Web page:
Based on Defendants’ Trade Show Visits to Nevada, Court Finds Exercise of Personal Jurisdiction Appropriate
May 10, 2010
Last Month at the Federal Circuit - June 2010
Judges: Linn (author), Rader, Archer
[Appealed from: D. Nev., Judge Mahan]
In Patent Rights Protection Group, LLC v. Video Gaming Technologies, Inc., No. 09−1391 (Fed. Cir. May 10, 2010), the Federal Circuit reversed the district court’s dismissal for lack of personal jurisdiction and denial of Patent Rights Protection Group, LLC’s (“Patent Rights”) request for jurisdictional discovery.
Patent Rights owns U.S. Patent Nos. 6,475,087 and 6,860,814 (collectively “the Gaming Patents”), which relate to various types of casino−style gaming machines. Patent Rights initiated separate lawsuits against several out−of−state gaming companies, including Video Gaming Technologies, Inc. (“VGT”) and SPEC International, Inc. (“SPEC”). Patent Rights asserted in each suit that the gaming companies had infringed the Gaming Patents by displaying, using, and offering for sale gaming machines at trade shows in Nevada. SPEC and VGT individually moved to dismiss the lawsuit, each arguing that its contacts with Nevada were insufficient for the court to exercise personal jurisdiction.
SPEC and VGT each argued that it was not registered to practice business in Nevada; did not have sales agents, employees, facilities, bank accounts, or telephone listings in Nevada; and that its websites were not targeted to the residents of Nevada. VGT stated that it did not direct marketing efforts to Nevada nor generate revenues from Nevada, and SPEC stated that it had mailed brochures to eight potential customers in Nevada, generating little sales. SPEC did admit that it had attended trade shows in the 1990s, and both SPEC and VGT admitted to attending trade shows in the 2000s, including as recently as 2007 or 2008.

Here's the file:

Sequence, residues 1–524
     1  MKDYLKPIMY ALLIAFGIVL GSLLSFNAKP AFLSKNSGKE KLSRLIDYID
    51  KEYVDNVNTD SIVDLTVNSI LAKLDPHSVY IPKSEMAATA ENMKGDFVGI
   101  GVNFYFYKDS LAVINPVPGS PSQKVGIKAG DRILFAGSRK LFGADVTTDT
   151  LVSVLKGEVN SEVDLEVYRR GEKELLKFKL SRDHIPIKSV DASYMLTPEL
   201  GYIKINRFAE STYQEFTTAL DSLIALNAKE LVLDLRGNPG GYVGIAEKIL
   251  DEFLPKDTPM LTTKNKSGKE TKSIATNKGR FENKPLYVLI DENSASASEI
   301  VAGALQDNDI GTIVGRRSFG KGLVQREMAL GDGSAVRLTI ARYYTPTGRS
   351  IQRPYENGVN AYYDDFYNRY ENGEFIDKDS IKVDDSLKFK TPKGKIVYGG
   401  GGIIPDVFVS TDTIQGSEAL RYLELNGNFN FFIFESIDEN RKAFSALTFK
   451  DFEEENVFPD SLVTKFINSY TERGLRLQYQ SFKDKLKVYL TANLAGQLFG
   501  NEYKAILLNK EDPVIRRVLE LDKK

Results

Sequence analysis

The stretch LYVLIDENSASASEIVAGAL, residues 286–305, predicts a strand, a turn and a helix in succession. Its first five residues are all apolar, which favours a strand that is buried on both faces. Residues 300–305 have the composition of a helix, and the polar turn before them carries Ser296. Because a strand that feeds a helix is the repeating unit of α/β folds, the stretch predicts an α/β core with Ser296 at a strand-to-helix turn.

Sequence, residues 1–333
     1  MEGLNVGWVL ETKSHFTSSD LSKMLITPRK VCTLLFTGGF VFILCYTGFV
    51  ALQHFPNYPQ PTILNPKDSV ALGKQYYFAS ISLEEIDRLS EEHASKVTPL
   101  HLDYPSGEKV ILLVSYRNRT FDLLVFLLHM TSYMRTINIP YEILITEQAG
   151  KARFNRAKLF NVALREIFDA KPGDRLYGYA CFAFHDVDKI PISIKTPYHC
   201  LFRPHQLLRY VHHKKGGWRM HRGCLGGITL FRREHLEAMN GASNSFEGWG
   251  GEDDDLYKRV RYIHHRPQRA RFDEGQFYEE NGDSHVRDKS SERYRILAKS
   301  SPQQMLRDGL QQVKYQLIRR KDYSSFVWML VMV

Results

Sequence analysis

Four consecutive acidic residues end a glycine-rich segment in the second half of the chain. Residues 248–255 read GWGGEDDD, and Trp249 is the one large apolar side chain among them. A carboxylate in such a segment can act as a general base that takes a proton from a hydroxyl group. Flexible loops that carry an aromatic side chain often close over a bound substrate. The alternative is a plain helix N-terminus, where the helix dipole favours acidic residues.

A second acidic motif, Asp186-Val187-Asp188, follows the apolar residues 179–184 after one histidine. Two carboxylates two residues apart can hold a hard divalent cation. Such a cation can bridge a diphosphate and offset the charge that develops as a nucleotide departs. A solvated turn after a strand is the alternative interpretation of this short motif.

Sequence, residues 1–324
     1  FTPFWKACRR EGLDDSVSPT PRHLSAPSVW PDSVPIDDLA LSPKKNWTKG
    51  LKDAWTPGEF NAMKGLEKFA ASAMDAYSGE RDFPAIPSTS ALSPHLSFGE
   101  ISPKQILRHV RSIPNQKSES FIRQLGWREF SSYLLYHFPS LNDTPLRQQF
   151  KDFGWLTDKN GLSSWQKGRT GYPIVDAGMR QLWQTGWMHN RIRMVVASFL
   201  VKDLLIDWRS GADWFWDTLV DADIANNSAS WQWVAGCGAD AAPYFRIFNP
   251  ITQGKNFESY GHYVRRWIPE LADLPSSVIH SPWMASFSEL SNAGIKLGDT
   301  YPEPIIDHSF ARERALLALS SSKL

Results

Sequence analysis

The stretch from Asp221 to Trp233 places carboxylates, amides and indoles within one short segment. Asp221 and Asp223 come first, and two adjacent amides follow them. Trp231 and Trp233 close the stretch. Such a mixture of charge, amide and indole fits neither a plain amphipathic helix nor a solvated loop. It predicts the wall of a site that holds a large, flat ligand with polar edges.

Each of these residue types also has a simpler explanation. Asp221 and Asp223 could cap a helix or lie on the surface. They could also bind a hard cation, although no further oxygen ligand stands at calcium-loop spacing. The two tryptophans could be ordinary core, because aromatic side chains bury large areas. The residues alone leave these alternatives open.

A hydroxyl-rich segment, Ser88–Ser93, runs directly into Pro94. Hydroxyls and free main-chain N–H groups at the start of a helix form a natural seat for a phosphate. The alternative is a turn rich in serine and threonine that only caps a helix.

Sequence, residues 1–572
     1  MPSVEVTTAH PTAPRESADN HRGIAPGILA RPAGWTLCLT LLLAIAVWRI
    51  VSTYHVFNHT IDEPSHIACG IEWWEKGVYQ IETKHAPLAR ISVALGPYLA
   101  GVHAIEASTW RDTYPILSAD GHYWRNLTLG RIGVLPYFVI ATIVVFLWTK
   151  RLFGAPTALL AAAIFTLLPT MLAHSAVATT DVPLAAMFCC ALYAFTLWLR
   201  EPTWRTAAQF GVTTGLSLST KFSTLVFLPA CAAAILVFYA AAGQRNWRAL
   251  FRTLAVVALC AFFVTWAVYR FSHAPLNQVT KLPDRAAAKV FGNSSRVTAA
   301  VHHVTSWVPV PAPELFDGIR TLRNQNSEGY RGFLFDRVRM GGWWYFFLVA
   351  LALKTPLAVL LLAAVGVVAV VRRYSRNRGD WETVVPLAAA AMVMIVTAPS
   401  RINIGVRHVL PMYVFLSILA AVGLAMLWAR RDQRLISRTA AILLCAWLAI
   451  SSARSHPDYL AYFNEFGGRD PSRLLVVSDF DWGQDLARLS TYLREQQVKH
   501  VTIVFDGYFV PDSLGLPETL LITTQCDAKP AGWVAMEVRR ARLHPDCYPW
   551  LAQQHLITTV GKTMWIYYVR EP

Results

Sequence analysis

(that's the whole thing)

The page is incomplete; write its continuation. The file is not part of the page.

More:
In addition to their motions to dismiss for lack of personal jurisdiction, both SPEC and VGT also argued that the venue was improper for this case, or alternatively, that the district court should transfer the case to Michigan, or stay the case in light of a DJ action filed against Patent Rights by SPEC in Michigan. Patent Rights opposed these motions and requested jurisdictional discovery. In light of a dismissal of a separate case between Patent Rights and another gaming company for lack of personal jurisdiction, the district court judge requested supplemental briefing on any preclusive effect of that decision.